What is “good” teaching? Ask 10 people and you’ll get 10 different answers. Hollywood appreciates teachers who believe in their students and help them achieve their dreams. Influential education economist Eric Hanuszek, a senior fellow at Stanford University’s Hoover Institution, argues that good teachers improve the performance of their students. Teachers are expected to teach many things, from how to study and take notes, to how to share and take turns. Deciding what constitutes good teaching is a messy business.
Two researchers from the University of Maryland and Harvard University got into this mess. They analyzed 53 elementary school teachers who were randomly assigned to classrooms in their schools located in four different areas along the East Coast. Focusing on math learning, the researchers compared the students’ math scores to questionnaires that fourth- and fifth-grade students completed as part of the experiment. Students were asked to rate their math class in the same way that consumers fill out customer satisfaction surveys: “This math class is a happy place for me.” “I feel sad or angry in this math lesson;” “What we have done this year is very interesting”; “Thanks to this teacher, I am learning to love mathematics”; and “I like math lessons this year.”
Academics have found that there is often a trade-off between “good teaching” when children learn and “good teaching” that children enjoy. Teachers who were able to raise test scores tended to get lower student grades. Teachers with excellent student evaluations tended not to increase test scores.
“Teachers and teaching methods that can increase test scores are often not the same as those that improve student engagement,” said David Blazar, one of the study’s co-authors and an assistant professor of education policy at the University of Maryland. College Park.
Blazer Research, “Challenges and trade-offs of “good” teaching: The pursuit of multiple educational outcomes,” was co-authored with Cynthia Pollard, a doctoral student at Harvard University’s Graduate School of Education. It was publicly released in June 2022 as a working paper by the Annenberg Institute at Brown University.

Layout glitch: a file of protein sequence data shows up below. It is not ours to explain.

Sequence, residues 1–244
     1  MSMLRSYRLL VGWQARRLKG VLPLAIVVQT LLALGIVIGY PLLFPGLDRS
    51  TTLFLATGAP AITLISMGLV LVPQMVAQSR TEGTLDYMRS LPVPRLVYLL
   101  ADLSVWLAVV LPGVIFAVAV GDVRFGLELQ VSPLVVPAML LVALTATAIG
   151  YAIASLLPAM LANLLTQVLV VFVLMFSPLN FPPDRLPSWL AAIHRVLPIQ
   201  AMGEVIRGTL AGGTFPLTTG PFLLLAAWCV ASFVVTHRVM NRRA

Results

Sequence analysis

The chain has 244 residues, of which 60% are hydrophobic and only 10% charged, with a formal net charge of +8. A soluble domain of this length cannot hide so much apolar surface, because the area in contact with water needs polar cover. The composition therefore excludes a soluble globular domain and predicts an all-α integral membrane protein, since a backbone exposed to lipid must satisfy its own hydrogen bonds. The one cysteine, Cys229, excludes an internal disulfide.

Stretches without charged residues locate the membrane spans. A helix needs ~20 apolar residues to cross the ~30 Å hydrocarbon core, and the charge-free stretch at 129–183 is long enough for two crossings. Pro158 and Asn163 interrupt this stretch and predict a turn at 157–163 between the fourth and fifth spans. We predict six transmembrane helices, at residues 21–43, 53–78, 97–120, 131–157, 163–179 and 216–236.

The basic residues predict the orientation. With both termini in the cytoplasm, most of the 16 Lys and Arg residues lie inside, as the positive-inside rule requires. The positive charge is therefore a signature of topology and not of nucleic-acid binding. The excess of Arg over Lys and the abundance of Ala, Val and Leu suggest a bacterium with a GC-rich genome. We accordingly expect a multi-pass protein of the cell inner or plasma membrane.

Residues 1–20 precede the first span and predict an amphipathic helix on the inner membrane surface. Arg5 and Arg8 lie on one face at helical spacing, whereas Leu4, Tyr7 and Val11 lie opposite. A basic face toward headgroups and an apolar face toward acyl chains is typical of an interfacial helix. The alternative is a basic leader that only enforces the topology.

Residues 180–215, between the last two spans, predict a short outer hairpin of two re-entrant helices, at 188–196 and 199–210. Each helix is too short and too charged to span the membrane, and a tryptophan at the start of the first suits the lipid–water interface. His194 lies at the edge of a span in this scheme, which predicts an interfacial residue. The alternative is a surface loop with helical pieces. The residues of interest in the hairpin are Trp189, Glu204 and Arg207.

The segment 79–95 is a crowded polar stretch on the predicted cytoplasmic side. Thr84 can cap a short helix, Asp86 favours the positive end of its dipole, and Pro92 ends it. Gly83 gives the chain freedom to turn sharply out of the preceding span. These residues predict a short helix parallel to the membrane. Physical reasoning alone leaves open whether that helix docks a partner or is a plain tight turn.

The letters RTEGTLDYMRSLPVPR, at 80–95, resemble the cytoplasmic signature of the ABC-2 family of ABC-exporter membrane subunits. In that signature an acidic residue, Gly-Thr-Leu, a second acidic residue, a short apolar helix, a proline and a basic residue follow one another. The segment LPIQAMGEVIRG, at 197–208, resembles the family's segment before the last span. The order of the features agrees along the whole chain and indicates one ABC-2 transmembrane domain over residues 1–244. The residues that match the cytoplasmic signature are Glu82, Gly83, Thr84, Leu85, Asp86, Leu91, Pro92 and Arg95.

It is difficult to understand exactly why there is a trade-off between student achievement and engagement. One theory is that drill-and-pound learning can be effective at helping students do well on tests, but make the class terribly boring. The researchers looked at hours of video recordings of these teachers’ classroom lessons, but they found no statistical evidence that teachers who spent more time preparing for the test produced higher test scores. The high performance did not appear to be due to rote memorization.
Instead, teachers who taught more cognitively challenging lessons, going beyond procedural computation to complex understanding, tended to produce higher math scores. The researchers acknowledged that it is “concerning” that the kind of cognitively demanding instruction we want to see “may simultaneously lead to reduced student engagement.”
Other researchers and educators have noted that teaching is hard work. It is often frustrating for students to make mistakes and try to figure things out. This can be frustrating at times when students are learning the most.
It was rare, but the researchers managed to find six teachers among 53 teachers who could teach both well at the same time. Teachers who included lots of hands-on, hands-on activities got high marks from students and increased test scores. These teachers often had students work together in pairs or groups using tactile objects to solve problems or play games. For example, one teacher asked students to use egg cartons and counters to find equivalent fractions.
These doubly “good” teachers had another thing in common: they maintained order in classrooms filled with routine. Although strict discipline and punishment of children for misbehavior have fallen out of fashion, the researchers observed that these teachers actively set clear rules for behavior at the beginning of each class. “Teachers appeared to be quite thoughtful and proficient in using procedures to maintain efficiency and order in the classroom,” the researchers wrote. “The time teachers spent on student behavior usually involved brief diversions that did not interrupt the flow of the lesson.”
These teachers also had a good sense of pacing and an understanding of children’s attention spans. Some used timers. One teacher measured time with songs. “Teachers seemed to be intentional about the amount of time spent on the activity,” the researchers noted.
Given that getting students interested and motivated to learn math isn’t easy or common, Blazar was interested in learning which teachers are ultimately better for students in the long run. This experiment actually took place ten years ago, in 2012, and the students were followed after that. Blazer is currently looking at how those students fared five and six years later. In his preliminary calculations, he found that students whose elementary school teachers were more attractive later had higher math and reading scores and fewer middle school failures. Students whose teachers were more effective at boosting academic achievement also generally did better in high school, but the long-term benefits faded somewhat. While we all want kids to learn multiplication and division, it may be that engaging instruction is ultimately more rewarding.
Researchers like Blazar dream of developing a “science of teaching” so that schools of education and school coaches can better prepare teachers to teach well. But first we need to agree what we want teachers to do and what we want students to achieve.
This story is about good teaching was written by Jill Barsha and produced by The Hechinger Report, a nonprofit independent news organization focusing on inequality and innovation in education. Subscribe to Hechinger Newsletter.